13. The meaning of the phrase 'at the instance of' is given in the Chambers Dictionary as 'at the motion or solicitation of.' In B. Ramanatha Aiyar's Law Lexicon, the same meaning is given. In Viswanath v. Emperor, : AIR1936All742 , a Bench of the Court stated that the phrase 'at the instance of' means merely 'at the solicitation of or at the request of', that it had been introduced so as to make the provision a general one and that if it had been the intention of the Legislature that no case should be instituted in Court except by the Electrical Co., itself or other persons mentioned in Section 50 of the Act, the legislature would have used the ordinary phrase 'on the complaint of' and the section, would have been on the lines that no magistrate should take cognizance of any offence referred to in Section 50 of the Act except upon the complaint of certain persons. The Court further held that the prosecution should not be instituted by some independent busy-body who had nothing to do with the matter. The officers of the company discovered the theft and reported it to the police to make an investigation. In the circumstances, the Court held that the officers intended that prosecution should follow according to the result of the investigation and concluded that the prosecution was at the instance of the Electric Co. This decision would support the view that the phrase 'at the instance of' should be given a, wider meaning and it was intended for the purpose of excluding independent persons who had nothing to do with the company from giving a complaint. A complaint by reasonable (responsible?) officers of the company, even though there is no specific authorisation, would be 'at the instance of' the company.

In Bhagalpur Electric Co. v. Hariprasad, : AIR1938Pat15 , following the decision in : AIR1936All742 , the Court expressed its opinion that when a responsible officer of a company reports an offence to the police and a prosecution is therefore set on foot, that will be considered to be a prosecution instituted 'at the instance of the company. It is no doubt true that in the case cited, the complaint was presented by the residential engineer after obtaining an authorisation from the managing agents, and therefore the observations will be in the nature of an obiter dicta.

In Provincial Govt. C. P. and Berar v. Yogananda, , a Bench of the Court was of the view that the expression 'at the instance of' does not mean 'on the complaint of' or 'with the sanction of' but only means 'at the asking' or 'the suggestion of' and the object of using that phrase was only to prevent indiscriminate prosecutions by persons without any expert knowledge of the working of electricity.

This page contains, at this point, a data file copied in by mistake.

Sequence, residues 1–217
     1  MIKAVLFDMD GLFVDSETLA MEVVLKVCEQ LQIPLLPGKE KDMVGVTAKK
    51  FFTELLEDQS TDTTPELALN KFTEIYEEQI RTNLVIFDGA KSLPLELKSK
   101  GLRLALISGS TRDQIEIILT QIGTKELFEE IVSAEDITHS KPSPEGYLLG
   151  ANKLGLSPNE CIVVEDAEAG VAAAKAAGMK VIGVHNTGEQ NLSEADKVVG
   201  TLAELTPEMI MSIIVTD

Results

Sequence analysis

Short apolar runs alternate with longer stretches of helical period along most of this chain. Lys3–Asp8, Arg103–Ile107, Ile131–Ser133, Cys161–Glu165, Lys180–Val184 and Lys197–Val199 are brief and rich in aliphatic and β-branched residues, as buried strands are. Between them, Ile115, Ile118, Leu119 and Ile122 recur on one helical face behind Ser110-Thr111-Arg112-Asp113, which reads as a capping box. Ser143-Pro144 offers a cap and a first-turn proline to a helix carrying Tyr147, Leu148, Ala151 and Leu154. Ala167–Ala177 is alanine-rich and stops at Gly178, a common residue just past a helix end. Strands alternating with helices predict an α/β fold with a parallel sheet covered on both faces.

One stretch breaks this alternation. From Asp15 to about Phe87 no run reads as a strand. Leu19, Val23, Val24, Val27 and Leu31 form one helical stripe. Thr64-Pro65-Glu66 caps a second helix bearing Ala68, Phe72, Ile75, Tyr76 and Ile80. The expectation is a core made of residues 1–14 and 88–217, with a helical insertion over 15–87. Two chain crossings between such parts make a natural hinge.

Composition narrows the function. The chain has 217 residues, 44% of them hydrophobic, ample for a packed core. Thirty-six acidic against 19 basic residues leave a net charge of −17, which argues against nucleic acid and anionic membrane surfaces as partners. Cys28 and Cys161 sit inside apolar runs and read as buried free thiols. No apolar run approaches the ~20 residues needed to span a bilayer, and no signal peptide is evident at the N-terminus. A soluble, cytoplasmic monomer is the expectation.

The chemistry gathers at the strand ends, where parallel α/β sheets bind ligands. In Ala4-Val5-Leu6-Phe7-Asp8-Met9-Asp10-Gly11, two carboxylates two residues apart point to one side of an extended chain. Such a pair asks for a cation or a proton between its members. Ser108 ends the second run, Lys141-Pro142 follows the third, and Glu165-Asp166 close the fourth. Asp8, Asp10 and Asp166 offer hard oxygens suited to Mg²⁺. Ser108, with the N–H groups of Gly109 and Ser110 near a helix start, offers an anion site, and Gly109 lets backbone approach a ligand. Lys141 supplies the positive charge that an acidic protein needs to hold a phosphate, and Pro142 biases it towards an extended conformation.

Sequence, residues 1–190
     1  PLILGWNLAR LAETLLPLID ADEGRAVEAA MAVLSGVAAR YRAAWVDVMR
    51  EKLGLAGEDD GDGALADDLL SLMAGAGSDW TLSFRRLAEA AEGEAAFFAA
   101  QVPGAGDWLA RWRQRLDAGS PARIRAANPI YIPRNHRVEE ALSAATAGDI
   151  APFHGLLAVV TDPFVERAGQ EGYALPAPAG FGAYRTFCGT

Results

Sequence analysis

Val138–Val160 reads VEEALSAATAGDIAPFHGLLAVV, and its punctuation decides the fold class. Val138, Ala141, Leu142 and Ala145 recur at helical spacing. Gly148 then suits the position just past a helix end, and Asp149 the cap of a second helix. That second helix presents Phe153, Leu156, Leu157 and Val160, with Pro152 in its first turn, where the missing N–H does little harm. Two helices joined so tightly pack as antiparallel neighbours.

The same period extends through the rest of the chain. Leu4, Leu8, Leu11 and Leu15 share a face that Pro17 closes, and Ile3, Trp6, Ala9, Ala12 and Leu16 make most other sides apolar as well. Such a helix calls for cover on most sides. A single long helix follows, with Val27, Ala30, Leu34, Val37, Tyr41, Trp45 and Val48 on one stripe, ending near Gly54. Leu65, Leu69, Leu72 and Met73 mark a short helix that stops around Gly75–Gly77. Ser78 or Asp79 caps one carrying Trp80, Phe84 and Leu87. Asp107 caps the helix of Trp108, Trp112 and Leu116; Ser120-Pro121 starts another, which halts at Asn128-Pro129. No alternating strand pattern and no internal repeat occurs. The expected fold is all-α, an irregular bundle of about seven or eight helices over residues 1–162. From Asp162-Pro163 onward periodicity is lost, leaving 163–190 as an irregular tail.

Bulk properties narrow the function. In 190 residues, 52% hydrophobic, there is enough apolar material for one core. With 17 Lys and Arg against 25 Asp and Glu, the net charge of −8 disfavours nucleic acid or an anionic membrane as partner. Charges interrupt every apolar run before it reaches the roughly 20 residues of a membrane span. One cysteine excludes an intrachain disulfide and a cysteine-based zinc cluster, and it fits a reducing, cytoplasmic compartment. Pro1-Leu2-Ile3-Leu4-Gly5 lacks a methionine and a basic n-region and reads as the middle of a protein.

In State v. Maganlal Chunilal, : AIR1956Bom354 , a Bench of the Bombay High Court was of the view that the object of the Legislature was that only persons aggrieved may set the law in motion, and in the case before the Court one Mr. Gore, the officer who acted for and on behalf of the company having set the law in motion, the prosecution must be regarded as having been instituted at the instance of the company. In this case also, sanction was obtained from the head office to lodge a complaint and therefore the observations are in the nature of an obiter dicta. In the four cases cited above, the Courts have taken the view that when the law is set in motion by a responsible officer for and on behalf of the company, the prosecution should be regarded as having been instituted at the instance of the company.

14. The learned Counsel for the accused relied on the decision in Dhoolchand v. State, 1957 Cri 233 (Raj), wherein it was held by the Rajasthan High Court that the Superintendent, Electrical and Mechanical department of the Government does not come within the meaning of the words 'Government' or 'Electric Inspector' as he is only a paid servant of Government and he cannot be said to have been aggrieved at the offence. The case can be distinguished on the facts, in that, the officer did not verify the truth of the complaint and left it to the police to check up and do the needful. Further, there is nothing in the evidence to show that the officer was acting on behalf of the Government. On a consideration of the authorities cited before me, I am of the view that when a prosecution is instituted by a responsible officer of the company, the requirement of Section 50 of the Indian Electricity Act, 1910 that the institution of the prosecution should be at the instance of the aggrieved person is satisfied.

15. In this case, P. W. 1, the Chief Engineer has stated that he was in entire charge of the administration of the Corporation including the accounts department. It is also clear that he was acting on behalf of the Corporation by signing agreement forms for giving connections to applicants. I accept the testimony of P. W. 1 and find that he was acting on behalf of the company and as a responsible officer, he instituted the prosecution before the police. The signing of the complaint by P. W. 1 as K. S. Seshadri without mentioning that he did so on behalf of the Corporation would not make any difference, because in the complaint itself he had stated that he was the Chief Engineer of the Corporation. I am satisfied that in the circumstances of the case, the requirement that the institution of the prosecution should be at the instance of the aggrieved person had been satisfied. There can therefore be no impediment in holding that the accused is guilty of an offence under Section 39 of the Indian Electricity Act, 1910, and the order of remand is answered accordingly.

16. Mr. V. T. Rangaswami Aiyangar requested the Court to go into the facts and consider the question whether an offence under Section 39 of the Indian Electricity Act, 1910, had been made out. This request is beyond the scope of the remand, for, what is directed to be decided is the question whether the Chief Engineer of the Corporation may, on the facts of the case, be regarded as the person aggrieved, as the said question had not been determined by the High Court.

17. On a consideration of the facts before the remand by the Supreme Court, this Court allowed the appeal of the State in so far as the first accused is concerned and held that he was guilty of dishonest consumption of electrical energy. This is an offence under Section 39 of the Indian Electricity Act, 1910. A finding is therefore recorded that the accused is guilty of an offence under Section 39 of the Indian Electricity Act of 1910.